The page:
They chose Westhampton Beach for its particular culture, the nighttime strollers with ice cream cones or concert tickets in hand, the couples and the families enjoying the street musicians and gazing in the shop windows, all of whom he is happy to have come through the door. The space has evolved into as much a gallery as an office since 2016. No longer a solo operation, this spring it became home to Bruce Nagel & Partners Architects, which now has its creative roots not just in the Hamptons but in New York City, Dallas, Chicago and Rome, Italy. Nagel’s three partners–Judith DiMaio, David Walker and Chris Scorgie–are all colleagues from some incarnation of his past, each of whom brings expertise and experience in an area where Nagel’s longtime focus on homes, such as hospitality and hotels, high-end retail space, even institutions like Ivy League universities.
Their talents are certainly reason enough for Nagel to have aligned with them, but the greater success seems to be from the mutual interactions and discussions he now gets to be part of regularly. “When you work alone, there’s only so much time you can spend talking to yourself,” he half-joke. “It gets to be a little bit lonely.”
And the whole purpose of, well, everything, really, in Nagel’s world is to connect and share and discover. Just look around the walls here, a showplace for architecture, surely, but also for a side to the man that not many have been introduced to yet: Bruce Nagle, Photographer. “I’m an advanced amateur,” he says, humbly, “but it’s a passion I have. One of the things many architects have in their repertoire is, many architects are artists.”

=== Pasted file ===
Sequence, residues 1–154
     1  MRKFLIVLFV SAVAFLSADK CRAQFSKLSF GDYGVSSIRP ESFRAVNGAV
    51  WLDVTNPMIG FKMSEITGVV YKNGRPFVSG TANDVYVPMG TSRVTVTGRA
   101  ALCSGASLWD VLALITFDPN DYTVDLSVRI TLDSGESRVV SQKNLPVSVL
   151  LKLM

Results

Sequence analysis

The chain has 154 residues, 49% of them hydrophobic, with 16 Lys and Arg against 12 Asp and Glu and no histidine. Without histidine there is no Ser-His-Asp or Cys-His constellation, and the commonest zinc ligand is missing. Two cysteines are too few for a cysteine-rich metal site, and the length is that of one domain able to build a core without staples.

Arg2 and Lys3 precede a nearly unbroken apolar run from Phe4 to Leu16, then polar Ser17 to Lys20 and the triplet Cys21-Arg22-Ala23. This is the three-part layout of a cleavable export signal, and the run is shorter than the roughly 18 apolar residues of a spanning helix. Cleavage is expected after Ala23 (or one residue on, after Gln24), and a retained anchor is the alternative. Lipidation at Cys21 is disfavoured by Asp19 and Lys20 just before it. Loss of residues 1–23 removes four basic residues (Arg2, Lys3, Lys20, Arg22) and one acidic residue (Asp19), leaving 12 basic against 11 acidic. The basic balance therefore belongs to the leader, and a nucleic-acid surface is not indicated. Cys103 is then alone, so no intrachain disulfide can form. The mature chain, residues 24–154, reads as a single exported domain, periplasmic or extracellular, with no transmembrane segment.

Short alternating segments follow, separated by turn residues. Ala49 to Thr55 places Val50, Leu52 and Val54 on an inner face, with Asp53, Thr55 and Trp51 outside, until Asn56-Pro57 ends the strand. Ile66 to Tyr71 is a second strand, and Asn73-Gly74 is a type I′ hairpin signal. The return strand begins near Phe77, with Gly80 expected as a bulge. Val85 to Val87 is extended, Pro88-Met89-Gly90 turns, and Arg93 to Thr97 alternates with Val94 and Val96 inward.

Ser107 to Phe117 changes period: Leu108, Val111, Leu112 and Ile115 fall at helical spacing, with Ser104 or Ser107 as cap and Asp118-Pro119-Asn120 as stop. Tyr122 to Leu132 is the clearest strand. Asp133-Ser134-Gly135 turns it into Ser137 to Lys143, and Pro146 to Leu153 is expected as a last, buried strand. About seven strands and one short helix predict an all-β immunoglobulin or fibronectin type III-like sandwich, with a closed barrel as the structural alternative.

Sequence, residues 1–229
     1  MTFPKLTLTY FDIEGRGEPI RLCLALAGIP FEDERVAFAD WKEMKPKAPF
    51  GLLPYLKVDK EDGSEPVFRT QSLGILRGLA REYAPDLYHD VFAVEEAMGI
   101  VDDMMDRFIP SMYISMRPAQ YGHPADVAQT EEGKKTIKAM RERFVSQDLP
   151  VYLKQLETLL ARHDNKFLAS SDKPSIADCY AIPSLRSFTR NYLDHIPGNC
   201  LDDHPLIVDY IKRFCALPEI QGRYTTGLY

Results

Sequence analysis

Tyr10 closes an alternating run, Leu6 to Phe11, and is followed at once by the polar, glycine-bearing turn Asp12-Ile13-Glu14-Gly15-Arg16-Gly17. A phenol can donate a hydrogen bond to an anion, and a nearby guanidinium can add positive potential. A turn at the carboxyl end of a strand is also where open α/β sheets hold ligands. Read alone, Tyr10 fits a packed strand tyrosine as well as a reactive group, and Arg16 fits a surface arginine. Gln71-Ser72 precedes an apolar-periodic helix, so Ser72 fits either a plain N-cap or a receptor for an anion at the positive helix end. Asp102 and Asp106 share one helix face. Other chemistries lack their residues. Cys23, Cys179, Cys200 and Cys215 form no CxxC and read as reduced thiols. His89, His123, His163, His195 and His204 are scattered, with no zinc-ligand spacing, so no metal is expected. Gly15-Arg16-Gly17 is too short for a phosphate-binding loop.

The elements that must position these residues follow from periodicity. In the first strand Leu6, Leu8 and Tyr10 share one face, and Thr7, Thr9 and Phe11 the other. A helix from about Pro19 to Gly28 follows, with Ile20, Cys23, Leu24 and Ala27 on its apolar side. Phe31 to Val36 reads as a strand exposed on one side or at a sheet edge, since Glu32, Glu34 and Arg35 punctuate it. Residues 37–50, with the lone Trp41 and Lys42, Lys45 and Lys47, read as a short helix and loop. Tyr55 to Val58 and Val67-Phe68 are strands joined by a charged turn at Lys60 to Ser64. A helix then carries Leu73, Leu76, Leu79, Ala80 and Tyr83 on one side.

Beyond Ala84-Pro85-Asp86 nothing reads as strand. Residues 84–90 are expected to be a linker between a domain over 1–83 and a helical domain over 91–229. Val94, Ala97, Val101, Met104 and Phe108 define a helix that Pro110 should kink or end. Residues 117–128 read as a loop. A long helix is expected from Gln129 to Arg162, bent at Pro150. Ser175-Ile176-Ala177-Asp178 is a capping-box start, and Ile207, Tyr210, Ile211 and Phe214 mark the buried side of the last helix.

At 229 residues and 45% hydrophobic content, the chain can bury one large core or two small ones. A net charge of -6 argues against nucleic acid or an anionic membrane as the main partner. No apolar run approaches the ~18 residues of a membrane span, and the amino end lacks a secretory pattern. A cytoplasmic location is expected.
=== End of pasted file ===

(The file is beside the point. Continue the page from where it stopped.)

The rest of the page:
On the wall opposite the shots of his architecture is a set of 16 photos made by Nagel himself. Each a moment, a vision, a feeling from a point in time between right now and when he began shooting at age 18. They range in subject from birch trees to a box of old tools, an eclectic mix that Nagel’s wife selected from the tens of thousands of photos he’s done over the years, each a glimpse at the world not only through Nagel’s lens, but through his eyes. Individually and taken together, they evoke the soul of one of his true inspirations, Ansel Adams. “You don’t make a photograph just with a camera,” Adams said. “You bring to the act of photography all the pictures you have seen, the books you have read, the music you have heard, the people you have loved.”
By design, the photos here at 69 Main Street are all black-and-white–both Nagel’s and those of his architecture, which he never shoots, being too close to the subject–the get viewers focusing not on blue skies or green lawns, but on the elements of the architecture, the objects. Nagel has spent a career orchestrating meaning within spaces, so in defining this home for the photos, for himself to work, for guests, strangers and friends alike to enter, he has created a venue that naturally sparks reflection, contemplation, interaction.
“One of the wonderful things that happens in Florence is, because people live in such tight quarters, the streets and the piazzas of the city become people’s living rooms,” Nagel says. “And people get out of their apartments at night, whole families, husbands, wives, children, grandparents, all together, sitting in the piazza, talking, seeing their friends. Consequently, that’s one of the things that attracted us about trying to do the gallery. We can’t build a piazza right outside of our space, but we can open the door and say everybody is welcome to come in.”